Has there ever been a time where you were afraid for your personal safety?
One of my most fearful moments happened on a day in January 2004, two and a half years after 9/11. The Northeast division of the Salvation Army paid to have me fly to their corporate office for a final interview and job training before I began a curriculum writing project for them. I wondered what it would be like to fly into the New York City area so soon after the city experienced the terrorist attacks on the World Trade Center.
As we pulled into the small airport north of the city for my return flight, I got my answer. National guard surrounded our car and asked us to open the trunk. Other National guard stood erect at the entrances, guns poised. Dogs sniffed through luggage and scrutinized patrons.
It had been a long, tiring yet exhilarating day. I was hungry, my brain was stuffed with new information, I didn’t feel well, and I was ready to go home. The tense alertness frightened me. This wasn’t a news report. This was real. Having lived through the worst, these people knew the potential of what could happen, and they were ready to take it on.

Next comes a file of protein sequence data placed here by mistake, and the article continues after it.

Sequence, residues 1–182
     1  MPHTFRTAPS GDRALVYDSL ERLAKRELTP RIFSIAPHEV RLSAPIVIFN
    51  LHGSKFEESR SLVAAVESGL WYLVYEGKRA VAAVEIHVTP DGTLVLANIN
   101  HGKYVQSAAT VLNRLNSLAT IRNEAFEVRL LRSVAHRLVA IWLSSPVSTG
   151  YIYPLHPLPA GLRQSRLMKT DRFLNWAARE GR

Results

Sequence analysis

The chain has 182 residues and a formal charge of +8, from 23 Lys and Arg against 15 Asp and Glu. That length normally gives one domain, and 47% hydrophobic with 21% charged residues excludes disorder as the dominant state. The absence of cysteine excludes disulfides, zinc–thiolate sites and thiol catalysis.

What was I afraid of?
I think what concerned me most was how I would cope if there was a tragedy. Would I be able to care for my own personal safety? Would others be around to help or even realize I was more vulnerable and restricted because of my limited eyesight? How could I protect myself? Was God big enough to protect me?
Oddly enough, I did feel protected. Since, at that time, I carried a white cane to identify my visual limitation, I sensed airline personnel were extra attentive, making sure I was never left alone. Their vigilance reminded me that while I bore some responsibility to keep myself safe, my personal safety was not entirely up to me. Others were watching out for me and ultimately, God had the ultimate power to protect, prevent and provide.
Personal safety is currently a major topic of discussion. After the church shooting in Sutherland Springs, Texas, many churches, including mine, discussed security measures to keep their people safe. At a recent women’s fellowship, we told a group of women what our church leadership has done so far. Next month, we’re bringing in a speaker to teach us about personal safety – how to keep ourselves safe during a personal attack or an active shooter situation.